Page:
Whaling in the Arctic
During the 1830s, American whalers entered the North Pacific in pursuit of humpback, sperm and bowhead whales. They sailed back to New England with holds full of whale and walrus oil, baleen, walrus ivory and Eskimo trade goods. By 1848, whale stocks were diminishing and whalers moved north into the Arctic Ocean in search of new whaling grounds. The valuable bowhead was still abundant here, though navigation was hazardous. Arctic ice crushed 34 ships in 1871 alone. Even the steel-plated steam whalers from San Francisco that took over Arctic whaling after 1880 were not invulnerable. The Pacific Steam Whaling Company established shore whaling stations along the Arctic coast, which gave whalers access to the breeding grounds of the bowhead; but by 1897, whales were hard to find. Whale oil had already been replaced by kerosene in the nation’s lamps, and the market for baleen had also declined. The last steam whaler left the Arctic in 1914.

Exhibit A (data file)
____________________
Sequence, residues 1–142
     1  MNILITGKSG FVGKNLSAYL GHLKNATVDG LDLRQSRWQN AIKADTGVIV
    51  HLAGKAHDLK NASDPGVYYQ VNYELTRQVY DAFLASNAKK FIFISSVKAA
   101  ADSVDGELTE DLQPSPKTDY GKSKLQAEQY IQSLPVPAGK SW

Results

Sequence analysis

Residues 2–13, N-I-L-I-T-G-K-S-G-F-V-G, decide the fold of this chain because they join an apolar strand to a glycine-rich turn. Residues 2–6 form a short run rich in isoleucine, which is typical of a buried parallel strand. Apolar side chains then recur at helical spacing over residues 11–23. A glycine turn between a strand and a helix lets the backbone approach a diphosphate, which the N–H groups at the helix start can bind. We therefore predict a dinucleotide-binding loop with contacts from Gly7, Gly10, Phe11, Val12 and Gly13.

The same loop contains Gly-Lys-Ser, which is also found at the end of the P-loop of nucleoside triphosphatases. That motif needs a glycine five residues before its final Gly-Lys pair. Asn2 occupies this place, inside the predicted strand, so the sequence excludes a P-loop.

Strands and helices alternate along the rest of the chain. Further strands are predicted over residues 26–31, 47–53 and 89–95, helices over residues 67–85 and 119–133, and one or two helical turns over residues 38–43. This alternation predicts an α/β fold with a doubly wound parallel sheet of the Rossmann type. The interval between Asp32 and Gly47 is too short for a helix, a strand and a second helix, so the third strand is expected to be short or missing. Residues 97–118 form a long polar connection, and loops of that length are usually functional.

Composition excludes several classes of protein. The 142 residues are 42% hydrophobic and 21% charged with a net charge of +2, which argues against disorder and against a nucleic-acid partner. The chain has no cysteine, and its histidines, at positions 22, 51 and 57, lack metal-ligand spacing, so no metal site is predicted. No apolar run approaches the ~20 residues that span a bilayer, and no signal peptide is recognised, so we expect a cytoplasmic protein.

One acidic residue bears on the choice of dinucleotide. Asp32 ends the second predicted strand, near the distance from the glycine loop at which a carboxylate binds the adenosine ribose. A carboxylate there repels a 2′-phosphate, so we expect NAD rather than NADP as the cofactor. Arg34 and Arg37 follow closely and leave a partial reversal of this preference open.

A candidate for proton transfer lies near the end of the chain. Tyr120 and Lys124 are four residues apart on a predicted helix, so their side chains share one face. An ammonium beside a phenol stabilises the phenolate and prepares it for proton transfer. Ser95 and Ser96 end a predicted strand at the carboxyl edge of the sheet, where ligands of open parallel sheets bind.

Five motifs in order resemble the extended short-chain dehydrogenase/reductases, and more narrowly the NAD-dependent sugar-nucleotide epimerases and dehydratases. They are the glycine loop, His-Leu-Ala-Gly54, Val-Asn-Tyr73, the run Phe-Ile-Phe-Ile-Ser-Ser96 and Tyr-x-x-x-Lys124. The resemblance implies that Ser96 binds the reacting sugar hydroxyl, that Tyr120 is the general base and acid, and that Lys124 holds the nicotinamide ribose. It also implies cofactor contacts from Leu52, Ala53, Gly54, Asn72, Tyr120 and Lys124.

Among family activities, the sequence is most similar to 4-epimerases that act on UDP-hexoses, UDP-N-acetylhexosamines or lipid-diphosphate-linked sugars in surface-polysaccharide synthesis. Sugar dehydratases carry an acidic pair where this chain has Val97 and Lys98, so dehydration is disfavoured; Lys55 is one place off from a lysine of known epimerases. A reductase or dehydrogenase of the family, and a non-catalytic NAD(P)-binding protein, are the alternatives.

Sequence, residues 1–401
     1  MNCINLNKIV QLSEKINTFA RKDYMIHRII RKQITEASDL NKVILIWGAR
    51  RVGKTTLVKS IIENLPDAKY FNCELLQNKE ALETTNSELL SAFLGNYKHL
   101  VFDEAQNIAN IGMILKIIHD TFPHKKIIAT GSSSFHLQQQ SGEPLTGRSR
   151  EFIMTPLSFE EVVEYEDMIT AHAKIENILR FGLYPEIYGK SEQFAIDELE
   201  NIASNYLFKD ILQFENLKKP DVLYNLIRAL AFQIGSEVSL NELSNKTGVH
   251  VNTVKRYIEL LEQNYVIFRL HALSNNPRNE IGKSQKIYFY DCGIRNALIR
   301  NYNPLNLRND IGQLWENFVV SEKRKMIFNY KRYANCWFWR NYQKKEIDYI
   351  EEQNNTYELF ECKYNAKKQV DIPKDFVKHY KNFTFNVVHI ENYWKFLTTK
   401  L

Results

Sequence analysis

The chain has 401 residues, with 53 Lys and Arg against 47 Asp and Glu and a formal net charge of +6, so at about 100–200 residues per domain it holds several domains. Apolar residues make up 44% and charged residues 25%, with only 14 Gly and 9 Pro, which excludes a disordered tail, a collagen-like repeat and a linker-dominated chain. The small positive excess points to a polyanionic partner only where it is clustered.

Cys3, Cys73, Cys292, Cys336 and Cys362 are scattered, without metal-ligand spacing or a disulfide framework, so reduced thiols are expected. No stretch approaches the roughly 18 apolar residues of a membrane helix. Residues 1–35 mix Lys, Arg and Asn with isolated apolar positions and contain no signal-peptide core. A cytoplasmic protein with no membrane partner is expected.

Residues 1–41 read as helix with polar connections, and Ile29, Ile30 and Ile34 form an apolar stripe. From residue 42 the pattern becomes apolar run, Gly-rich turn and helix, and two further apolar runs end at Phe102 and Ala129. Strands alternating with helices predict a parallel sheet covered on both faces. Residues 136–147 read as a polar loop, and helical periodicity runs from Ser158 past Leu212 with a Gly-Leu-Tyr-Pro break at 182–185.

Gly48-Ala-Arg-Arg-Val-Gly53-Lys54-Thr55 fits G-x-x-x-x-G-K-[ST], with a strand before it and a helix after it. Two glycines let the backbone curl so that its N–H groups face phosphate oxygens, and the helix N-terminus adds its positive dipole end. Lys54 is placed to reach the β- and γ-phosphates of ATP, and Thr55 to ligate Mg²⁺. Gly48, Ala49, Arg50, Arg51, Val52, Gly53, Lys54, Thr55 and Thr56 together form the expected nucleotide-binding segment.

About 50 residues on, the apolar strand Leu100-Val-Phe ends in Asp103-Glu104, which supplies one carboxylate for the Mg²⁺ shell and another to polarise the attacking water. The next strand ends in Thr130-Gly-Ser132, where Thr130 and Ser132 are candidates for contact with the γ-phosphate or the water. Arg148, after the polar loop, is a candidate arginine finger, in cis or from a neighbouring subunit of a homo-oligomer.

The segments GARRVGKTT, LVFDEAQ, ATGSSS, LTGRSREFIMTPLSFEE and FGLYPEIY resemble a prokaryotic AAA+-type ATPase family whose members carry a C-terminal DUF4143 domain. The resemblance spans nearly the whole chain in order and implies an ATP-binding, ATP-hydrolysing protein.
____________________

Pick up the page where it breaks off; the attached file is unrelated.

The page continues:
The small beluga whale is widely distributed along the coast and was often caught in shallow water. The Koniag of Kodiak Island and the Chugach of Prince William Sound hunted whales all year round, in two-man kayaks. Small species were usually harpooned, while humpbacks were lanced. The slate lance heads were smeared with aconite, a poison made from the monkshood plant. After a few days, the whale would die and drift ashore. The Inupiat of northwest Alaska and the neighboring Siberian Yupik of St. Lawrence Island still depend upon the annual spring migration of bowhead whales from the Bering Sea into the Canadian Arctic. Each fall the whales return. Bowhead whales reach a maximum length of 60 feet, and weigh about a ton per foot. They do not have teeth, but fringed plates of baleen, with which they filter plankton from the water. They are still hunted in large umiaks, open boats covered with walrus or bearded-seal hide.